Recipe Column: Friendships that stand the test of time
I attended a veteran’s fundraiser last weekend with my good friend Kenny McGill. This bewhiskered buddy and I have been close pals for more than 30 years and since Kenny is a Vietnam vet, he wanted to check out what this was all about.
Kenny and I met when I came to the Northwoods as a tourist more than 35 years ago. He was living here then and the very first time we met we clicked. Raised in Muscatine, Iowa, he was a “river rat” as a child, and lived a life on the Mississippi that would have made Huck Finn proud. After graduating high school he was working in a factory making tubes for medicinal creams when Uncle Sam came calling.
It wasn’t long before Kenny found himself in the deep jungles of Bien Hoa, Vietnam, serving his country as an infantry soldier. His job was to find downed or captured American soldiers in the deepest parts of this tropical land.
He was known as the “Candyman” because a friend from Muscatine would send him big boxes of treats every month. He shared these goodies with his fellow soldiers and even children he came across while out in remote villages. On Kenny’s first day in Vietnam he was given a spider monkey by a fellow soldier whose tour of duty was over. “Monkey” was an excellent alert sentinel who rode on Kenny’s shoulder or climbed through the tops of trees alerting the troops that danger was ahead. Any movement caused Monkey to screech loudly but he didn’t distinguish between friend or foe. Sometimes Monkey would sound off if he saw an elephant or even another monkey, but many times he saved the lives of Kenny and his fellow infantrymen from enemy attack.
When he moved to the Northwoods Kenny became a cook at a local restaurant but we first connected at a resort over a couple of cold beers. After that, whenever I would visit, we would get together for some shenanigans, whether that was fishing, talking the night away around a campfire or just hanging out.
Once I moved here we did everything together, even going to the local Laundromat every week. He’s the type of guy that’s very unassuming and he can find the humor in just about every situation. He’s loves animals, his family and the simple things in life so we have a lot in common.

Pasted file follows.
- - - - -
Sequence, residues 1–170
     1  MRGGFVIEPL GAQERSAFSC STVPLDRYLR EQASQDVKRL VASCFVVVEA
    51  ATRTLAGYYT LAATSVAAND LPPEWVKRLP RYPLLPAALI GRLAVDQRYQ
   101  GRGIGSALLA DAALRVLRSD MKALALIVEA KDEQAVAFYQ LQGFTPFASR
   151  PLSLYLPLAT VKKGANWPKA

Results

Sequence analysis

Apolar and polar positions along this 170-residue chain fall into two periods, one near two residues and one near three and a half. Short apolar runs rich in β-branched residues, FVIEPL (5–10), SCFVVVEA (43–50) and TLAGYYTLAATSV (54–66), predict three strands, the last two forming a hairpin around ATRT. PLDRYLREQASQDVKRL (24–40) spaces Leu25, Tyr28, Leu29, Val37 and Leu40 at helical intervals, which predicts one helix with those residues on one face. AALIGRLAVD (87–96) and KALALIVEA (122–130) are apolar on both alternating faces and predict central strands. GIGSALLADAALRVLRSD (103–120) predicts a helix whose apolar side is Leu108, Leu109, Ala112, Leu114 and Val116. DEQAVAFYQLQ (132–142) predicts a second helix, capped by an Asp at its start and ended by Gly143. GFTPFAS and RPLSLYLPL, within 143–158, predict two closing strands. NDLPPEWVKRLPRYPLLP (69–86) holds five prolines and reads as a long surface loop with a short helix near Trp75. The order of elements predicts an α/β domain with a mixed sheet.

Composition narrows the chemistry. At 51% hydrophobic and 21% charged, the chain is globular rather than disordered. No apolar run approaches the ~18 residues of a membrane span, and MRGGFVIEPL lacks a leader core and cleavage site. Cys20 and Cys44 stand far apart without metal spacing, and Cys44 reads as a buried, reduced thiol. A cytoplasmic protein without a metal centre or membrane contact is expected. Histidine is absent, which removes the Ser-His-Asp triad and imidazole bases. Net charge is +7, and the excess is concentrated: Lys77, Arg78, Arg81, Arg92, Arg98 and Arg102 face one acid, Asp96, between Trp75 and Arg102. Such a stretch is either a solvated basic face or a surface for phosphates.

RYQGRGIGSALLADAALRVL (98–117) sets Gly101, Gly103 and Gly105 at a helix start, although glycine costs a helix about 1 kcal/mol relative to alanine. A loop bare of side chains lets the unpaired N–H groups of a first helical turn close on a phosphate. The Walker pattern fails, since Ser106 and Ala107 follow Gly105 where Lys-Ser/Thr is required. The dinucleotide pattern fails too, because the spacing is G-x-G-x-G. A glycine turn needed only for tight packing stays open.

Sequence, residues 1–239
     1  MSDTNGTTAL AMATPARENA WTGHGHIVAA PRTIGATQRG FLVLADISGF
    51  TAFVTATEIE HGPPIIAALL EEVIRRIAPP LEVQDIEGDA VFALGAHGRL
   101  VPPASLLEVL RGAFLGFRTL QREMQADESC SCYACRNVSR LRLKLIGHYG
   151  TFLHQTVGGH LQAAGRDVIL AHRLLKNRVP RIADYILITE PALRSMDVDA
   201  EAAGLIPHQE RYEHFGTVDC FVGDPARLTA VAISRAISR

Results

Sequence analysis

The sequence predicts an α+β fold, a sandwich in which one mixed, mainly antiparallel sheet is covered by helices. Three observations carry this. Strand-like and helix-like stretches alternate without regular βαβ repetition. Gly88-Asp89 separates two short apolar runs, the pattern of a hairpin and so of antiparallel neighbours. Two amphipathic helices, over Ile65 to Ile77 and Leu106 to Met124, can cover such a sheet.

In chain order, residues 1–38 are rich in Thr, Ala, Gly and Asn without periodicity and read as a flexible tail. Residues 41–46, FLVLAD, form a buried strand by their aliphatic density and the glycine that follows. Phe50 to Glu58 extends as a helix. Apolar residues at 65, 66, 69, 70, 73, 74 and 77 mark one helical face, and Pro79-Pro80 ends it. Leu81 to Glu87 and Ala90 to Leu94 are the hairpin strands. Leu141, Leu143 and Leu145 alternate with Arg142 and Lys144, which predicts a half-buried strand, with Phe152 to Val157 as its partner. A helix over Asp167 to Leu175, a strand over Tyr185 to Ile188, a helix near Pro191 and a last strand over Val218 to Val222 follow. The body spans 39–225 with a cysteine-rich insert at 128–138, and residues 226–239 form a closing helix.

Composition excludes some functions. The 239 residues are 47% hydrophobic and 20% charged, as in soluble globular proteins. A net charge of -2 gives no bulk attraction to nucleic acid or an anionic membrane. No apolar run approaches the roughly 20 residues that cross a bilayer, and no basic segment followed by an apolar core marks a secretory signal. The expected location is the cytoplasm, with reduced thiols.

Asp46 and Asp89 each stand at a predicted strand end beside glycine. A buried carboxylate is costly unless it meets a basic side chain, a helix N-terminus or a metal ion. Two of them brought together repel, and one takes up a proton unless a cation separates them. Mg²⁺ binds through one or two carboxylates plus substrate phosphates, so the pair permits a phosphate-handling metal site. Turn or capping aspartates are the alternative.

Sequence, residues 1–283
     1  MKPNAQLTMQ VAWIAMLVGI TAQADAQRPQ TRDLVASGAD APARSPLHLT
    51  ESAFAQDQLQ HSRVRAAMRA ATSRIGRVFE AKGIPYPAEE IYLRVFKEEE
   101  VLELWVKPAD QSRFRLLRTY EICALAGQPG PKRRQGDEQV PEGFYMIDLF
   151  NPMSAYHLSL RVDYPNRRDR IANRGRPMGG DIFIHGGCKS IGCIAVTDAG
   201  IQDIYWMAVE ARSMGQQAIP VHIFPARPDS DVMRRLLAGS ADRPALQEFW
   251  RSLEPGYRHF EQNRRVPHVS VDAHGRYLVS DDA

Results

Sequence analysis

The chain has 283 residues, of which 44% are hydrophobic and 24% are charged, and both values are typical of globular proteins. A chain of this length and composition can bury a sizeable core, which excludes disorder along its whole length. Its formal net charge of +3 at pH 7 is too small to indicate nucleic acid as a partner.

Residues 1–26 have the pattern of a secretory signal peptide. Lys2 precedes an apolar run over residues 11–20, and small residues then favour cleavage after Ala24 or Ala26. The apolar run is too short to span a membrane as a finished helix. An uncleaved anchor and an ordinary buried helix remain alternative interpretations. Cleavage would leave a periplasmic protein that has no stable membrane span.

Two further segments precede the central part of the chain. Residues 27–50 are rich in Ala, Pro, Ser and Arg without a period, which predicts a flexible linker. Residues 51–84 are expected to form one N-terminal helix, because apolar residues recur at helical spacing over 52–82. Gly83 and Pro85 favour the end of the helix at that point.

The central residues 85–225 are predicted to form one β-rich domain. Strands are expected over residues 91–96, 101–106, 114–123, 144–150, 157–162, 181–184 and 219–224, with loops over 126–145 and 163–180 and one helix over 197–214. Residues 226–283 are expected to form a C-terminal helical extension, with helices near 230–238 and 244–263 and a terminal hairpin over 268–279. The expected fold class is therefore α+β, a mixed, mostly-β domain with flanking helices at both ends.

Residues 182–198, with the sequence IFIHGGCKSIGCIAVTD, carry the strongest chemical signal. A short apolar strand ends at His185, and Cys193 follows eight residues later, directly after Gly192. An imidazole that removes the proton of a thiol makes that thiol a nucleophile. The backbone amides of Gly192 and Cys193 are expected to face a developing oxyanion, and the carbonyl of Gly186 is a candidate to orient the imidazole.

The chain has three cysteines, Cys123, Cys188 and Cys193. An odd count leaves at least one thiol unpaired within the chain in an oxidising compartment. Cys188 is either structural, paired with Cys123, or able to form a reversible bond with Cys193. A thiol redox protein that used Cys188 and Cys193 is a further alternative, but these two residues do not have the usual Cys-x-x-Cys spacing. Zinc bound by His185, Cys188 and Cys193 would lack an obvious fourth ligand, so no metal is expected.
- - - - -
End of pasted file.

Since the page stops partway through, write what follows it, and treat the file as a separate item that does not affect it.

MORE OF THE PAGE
Kenny has made some very interesting career choices over the years. He’s a talented auctioneer and he also worked as an accomplished chef in high end country clubs in the area. He’s an astute businessman, able to purchase an item at a garage sale and turn it around for a profit.
One of his more colorful talents is being an Abe Lincoln impersonator. About 15 years ago Kenny moved to Decatur, Ill., to be near family and while visiting the state fair there one year someone suggested he dress up as Abe, mainly because of his beard. He embraced the concept even purchasing a tall hat, a suit and shiny black shoes. He has walked in many parades and been honored at civil war reenactments throughout Illinois. Today he is semi-retired but continues to work building grain silos near Decatur.
At the veteran’s benefit, which was held at Indian Shores Campground near Lake Tomahawk, we went on a pontoon boat ride and as I sat watching the breeze ruffle Kenny’s beard I got to thinking about how friendships this long and this strong are really a wonder in this day and age.
We’ve been through plenty of good times together but also horrific life changes such as parents dying, beloved pets passing away, and medical emergencies. Last year Kenny had open heart surgery and that brought home to me just how fragile life really is. We are no longer carefree and frivolous 20-somethings. Life has crept up on us and we both find ourselves saying “remember when” more than we want to admit.
Just last week Kenny headed back to his home. I hated watching his taillights dim as he pulled out of my driveway and unbidden, a lump rose in my throat. Our precious time together was over for this summer and I will miss Kenny’s company and laughter in the cold and long winter days ahead.
Sometimes it takes a good comrade to make you realize just how precious and fragile life is; to make you treasure the moments you have right now, without worrying about the past or what the future holds. That’s the true gift of long and enduring friends. And it’s a cherished one at that.
Chef Kenny’s Crock Pot Beef and Noodles
1 lb. stew meat, cubed
1 can French onion soup
1 can cream of celery soup
3 cups cooked noodles or mashed potatoes.
Combine meat and soups in crock pot, mixing well. Cook on low for 6 to 8 hours. Serve over noodles or mashed potatoes.